You are here

The divorce courts’ reaction to the Panama Papers

Keeping financial secrets an ocean away is as prevalent in family law as it is in offshore banking, but is anyone really surprised, writes Marilyn Stowe

4 May 2016

Considering how widespread the coverage of this unprecedented information leak has been, there is probably no need to go over the details again. It has made the general public more aware of what
the super-rich do with their fortunes.

I suspect few divorce lawyers were surprised. For years we have dealt with people secreting their fortunes in elaborate overseas trusts so their spouse does not receive a share when they separate. These offshore accounts are designed to be opaque so they can withstand the scrutiny of an English court.

It can be incredibly frustrating to deal with the expensively retained trustees and lawyers of overseas interests, who will often dig in their heels when faced with English court orders. They give away as little information as possible and may claim that the assets do not belong to the spouse in question, or that their country's laws do not require them to...

Want to read on?

This article is part of our subscription-based access. Please pick one of the options below to continue.

Already registered? Login to access premium content

SUBSCRIBE for one User

Unlimited access to the entire SJ website for a full year for one user.

  • 10 issues a year delivered to you
  • Digital edition of the magazine for one user – sent to your inbox or accessible through the website
  • Access to premium content on the website
  • Access to the fully searchable online archive of Solicitors Journal, Managing Partner and Private Client Adviser, which spans over 13 years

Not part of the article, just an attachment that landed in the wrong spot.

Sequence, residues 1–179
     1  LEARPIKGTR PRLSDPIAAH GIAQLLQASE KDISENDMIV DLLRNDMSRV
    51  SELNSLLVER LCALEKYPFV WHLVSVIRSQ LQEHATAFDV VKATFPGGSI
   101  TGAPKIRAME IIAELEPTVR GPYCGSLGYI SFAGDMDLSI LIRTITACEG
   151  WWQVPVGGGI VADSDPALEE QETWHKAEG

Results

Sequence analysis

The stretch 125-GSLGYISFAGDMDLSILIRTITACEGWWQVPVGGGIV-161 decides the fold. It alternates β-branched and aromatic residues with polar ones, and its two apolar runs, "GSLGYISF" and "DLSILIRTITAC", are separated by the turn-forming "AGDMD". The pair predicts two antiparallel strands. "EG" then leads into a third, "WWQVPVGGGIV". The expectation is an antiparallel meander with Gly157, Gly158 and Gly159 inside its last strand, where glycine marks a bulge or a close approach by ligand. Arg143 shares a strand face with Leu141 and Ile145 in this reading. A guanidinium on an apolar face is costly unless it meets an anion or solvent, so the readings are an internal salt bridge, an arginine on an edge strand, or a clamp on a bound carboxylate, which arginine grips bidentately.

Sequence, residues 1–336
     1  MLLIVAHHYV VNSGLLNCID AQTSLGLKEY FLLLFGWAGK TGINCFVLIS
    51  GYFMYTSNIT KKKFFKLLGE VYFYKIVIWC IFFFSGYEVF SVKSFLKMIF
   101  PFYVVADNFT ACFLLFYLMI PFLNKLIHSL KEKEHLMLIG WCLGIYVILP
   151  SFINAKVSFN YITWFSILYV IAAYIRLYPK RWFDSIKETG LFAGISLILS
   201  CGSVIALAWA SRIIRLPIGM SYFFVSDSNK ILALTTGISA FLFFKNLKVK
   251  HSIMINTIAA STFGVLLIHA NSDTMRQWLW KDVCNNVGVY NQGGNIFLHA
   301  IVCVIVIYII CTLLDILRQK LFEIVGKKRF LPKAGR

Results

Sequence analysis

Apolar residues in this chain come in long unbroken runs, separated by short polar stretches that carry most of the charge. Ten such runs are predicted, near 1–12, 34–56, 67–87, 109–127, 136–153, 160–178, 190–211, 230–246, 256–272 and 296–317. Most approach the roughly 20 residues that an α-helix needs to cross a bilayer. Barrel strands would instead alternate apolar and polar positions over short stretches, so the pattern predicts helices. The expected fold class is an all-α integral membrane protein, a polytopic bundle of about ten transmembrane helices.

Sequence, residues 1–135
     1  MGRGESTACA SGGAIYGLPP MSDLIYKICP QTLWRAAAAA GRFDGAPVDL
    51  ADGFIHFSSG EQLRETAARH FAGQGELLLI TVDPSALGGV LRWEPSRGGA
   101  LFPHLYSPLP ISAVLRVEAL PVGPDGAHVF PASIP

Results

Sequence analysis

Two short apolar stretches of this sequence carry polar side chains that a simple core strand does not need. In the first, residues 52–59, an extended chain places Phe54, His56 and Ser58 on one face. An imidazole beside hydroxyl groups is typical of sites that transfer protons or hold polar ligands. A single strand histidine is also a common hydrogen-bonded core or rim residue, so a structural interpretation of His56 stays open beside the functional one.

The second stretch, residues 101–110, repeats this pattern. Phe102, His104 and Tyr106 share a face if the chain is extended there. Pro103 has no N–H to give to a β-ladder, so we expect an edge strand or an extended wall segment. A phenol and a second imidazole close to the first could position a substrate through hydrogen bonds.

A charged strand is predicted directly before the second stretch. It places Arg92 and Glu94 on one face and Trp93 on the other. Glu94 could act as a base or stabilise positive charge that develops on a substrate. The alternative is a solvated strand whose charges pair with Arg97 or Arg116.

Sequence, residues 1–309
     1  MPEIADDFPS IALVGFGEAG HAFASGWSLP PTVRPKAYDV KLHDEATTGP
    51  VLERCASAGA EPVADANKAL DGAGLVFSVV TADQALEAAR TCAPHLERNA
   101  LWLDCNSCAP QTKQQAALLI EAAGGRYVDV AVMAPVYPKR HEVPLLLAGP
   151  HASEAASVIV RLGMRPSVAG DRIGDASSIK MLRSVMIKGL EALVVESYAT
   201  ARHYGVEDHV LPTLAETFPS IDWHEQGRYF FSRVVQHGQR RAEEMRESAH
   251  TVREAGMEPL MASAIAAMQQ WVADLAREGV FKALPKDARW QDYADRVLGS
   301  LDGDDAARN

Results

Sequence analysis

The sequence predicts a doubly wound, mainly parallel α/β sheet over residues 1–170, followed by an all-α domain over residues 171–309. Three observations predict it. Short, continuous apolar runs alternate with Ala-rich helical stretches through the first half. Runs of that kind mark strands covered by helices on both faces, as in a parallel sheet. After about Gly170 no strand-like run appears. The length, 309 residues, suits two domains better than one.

• Weekly email newsletter with all the latest news, analysis and features
  • Comment on SJ content and contribute to the SJ community online
  • Advanced search feature
  • Online support
  • Access to SJ app compatible with Android and Apple devices – coming soon!
  • 6 special focuses per year
  • Special offers and discounts on Solicitors Journal and IICJ events

Subscribe

CORPORATE SUBSCRIPTION

Your department or entire firm can subscribe to Solicitors Journal online, providing easy access for all who require it. Discount corporate subscription rates apply, based on number of users.

The Corporate IP Licence includes:

  • Digital copy of the magazine sent to individuals’ inboxes and accessible through the website. Solicitors Journal publishes 10 issues per year
  • Unlimited access to premium content on the website based on IP addresses
  • Unlimited access to the fully searchable online archive of Solicitors Journal, Managing Partner and Private Client Adviser, which spans over 13 years
  • Weekly email newsletter with all the latest news, analysis and features
  • Comment on SJ content and contribute to the SJ community online (username required)
  • Unlimited access to SJ app compatible with Android and Apple devices
  • 6 special focuses per year
  • Special offers and discounts on Solicitors Journal and IICJ events

The Corporate IP Licence is tailored to your firm, making it the most cost effective way for the firm to access Solicitors Journal, and enables the firm to remain compliant with copyright and our Terms and Conditions. This gives you the ability to print and circulate articles within the firm.

To enquire about a Corporate IP Licence for your firm, please contact our Subscriptions Manager on emily.beechey@solicitorsjournal.com.